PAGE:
Continue Reading Robert Milligan Quoted in Law360 on DTSA, Five Years Later

The Illinois Trade Secrets Act (“ITSA”), which is consistent with both other states that have adopted the Uniform Trade Secrets Act and the federal Defend Trade Secrets Act, allows the recovery of attorneys’ fees for a party who has been forced to defend against a trade secret claim made in bad faith. See 765 ILCS 1065/5. This fee shifting provision provides an important mechanism to obtain relief for defendants who are forced to incur significant legal fees fighting baseless claims.
Continue Reading Failure to Tune in to Requirements to Meet Trade Secret Status Under Illinois Trade Secrets Act Results in Award of Attorneys’ Fees Against Radio Advertising Time Business

Seyfarth Synopsis: In a case of first impression, the Ninth Circuit held that the continued use doctrine is available under the DTSA, and the court permitted a plaintiff to raise a DTSA claim for misappropriation of trade secrets even though the initial misappropriation allegedly occurred before the DTSA was passed. The Ninth Circuit also held that a patent application may preclude a DTSA claim when the plaintiff does not claim that any trade secret information was misappropriated beyond what was included in the patent application.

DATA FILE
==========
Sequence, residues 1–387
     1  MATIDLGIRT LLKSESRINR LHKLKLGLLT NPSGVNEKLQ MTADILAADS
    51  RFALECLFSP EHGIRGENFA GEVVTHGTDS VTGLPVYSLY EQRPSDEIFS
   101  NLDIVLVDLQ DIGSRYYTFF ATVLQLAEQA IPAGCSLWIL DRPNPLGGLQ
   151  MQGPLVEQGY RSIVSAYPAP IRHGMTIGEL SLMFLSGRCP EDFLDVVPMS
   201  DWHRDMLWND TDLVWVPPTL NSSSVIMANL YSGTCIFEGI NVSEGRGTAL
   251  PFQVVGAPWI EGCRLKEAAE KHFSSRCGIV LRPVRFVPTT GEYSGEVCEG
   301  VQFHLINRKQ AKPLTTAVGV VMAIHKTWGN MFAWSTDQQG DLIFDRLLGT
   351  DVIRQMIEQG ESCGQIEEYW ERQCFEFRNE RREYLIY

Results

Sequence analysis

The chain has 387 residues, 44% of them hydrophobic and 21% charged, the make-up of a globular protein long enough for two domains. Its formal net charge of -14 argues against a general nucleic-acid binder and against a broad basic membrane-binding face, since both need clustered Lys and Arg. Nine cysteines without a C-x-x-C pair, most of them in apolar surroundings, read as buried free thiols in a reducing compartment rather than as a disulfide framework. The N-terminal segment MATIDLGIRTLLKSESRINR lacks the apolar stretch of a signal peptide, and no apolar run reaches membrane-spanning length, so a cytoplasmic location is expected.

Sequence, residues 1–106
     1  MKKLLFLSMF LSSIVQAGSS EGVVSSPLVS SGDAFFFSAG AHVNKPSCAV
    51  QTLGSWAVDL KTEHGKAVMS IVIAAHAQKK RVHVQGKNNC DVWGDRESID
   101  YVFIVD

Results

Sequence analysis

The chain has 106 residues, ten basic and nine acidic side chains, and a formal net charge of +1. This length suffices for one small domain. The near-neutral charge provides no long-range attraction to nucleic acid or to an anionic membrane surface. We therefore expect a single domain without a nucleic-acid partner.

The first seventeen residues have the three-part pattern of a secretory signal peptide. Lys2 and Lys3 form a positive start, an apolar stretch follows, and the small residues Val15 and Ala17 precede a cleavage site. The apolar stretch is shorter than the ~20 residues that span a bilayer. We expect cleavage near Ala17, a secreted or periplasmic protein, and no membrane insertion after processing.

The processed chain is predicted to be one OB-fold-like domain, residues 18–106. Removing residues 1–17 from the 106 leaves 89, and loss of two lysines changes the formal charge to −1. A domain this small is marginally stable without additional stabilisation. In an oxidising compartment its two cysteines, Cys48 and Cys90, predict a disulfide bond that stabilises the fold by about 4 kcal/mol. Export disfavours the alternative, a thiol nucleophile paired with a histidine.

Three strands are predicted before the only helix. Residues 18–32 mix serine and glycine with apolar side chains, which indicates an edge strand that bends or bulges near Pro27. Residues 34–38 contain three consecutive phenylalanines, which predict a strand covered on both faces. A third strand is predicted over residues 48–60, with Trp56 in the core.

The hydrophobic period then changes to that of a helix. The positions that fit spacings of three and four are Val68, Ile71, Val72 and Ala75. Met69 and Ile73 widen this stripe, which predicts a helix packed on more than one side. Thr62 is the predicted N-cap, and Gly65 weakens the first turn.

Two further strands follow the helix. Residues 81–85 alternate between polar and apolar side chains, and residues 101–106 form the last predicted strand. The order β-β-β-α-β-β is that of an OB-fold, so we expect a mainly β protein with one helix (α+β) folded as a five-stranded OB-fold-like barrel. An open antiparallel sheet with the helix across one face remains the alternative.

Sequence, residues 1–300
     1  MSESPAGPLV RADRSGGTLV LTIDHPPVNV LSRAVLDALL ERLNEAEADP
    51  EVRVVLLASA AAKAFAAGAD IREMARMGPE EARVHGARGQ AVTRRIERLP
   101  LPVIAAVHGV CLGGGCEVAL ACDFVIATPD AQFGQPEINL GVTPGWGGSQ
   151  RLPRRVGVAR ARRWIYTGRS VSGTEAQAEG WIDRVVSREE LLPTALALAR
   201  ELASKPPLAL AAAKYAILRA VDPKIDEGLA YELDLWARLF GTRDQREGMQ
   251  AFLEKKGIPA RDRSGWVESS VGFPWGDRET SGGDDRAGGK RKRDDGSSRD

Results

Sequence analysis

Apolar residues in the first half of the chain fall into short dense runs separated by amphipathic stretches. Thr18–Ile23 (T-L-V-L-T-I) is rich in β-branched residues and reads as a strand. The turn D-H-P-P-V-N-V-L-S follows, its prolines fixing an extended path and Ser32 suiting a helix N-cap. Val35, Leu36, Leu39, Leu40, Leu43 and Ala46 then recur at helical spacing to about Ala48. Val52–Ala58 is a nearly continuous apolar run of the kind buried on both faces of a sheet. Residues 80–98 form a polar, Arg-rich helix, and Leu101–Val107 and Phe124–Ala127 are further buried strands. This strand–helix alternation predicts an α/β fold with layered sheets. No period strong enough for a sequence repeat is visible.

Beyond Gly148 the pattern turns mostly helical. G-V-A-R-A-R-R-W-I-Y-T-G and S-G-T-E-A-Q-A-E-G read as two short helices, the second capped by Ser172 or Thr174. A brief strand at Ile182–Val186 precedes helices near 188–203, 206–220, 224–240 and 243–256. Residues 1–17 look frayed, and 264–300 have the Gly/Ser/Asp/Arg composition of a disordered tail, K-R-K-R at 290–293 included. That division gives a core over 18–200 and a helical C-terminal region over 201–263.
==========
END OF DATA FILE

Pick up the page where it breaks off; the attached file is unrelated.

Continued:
Continue Reading Ninth Circuit Recognizes Continued Use Doctrine under the DTSA, but Confirms that Patent Publication Precludes Claim

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In the first installment of the 2021 Trade Secrets Webinar Series, Seyfarth attorneys will review noteworthy legislation, cases, and other legal developments from across the nation over the last year in the area
Continue Reading Upcoming Webinar! Trade Secrets & Non-Competes 2020 Year in Review

On Friday, November 13, 2020, from 12:20 p.m. to 1:20 p.m. Pacific, Seyfarth Partner Robert Milligan will present and moderate a panel for the California Lawyers Association Intellectual Property Law Section Shelter in Place Institute. The “Latest Developments in Trade Secrets Law and Employee Mobility” panel will cover some of the latest developments in trade secrets law and employee mobility


Continue Reading Robert Milligan to Moderate Panel on Latest Developments in Trade Secrets Law and Employee Mobility at California IP Institute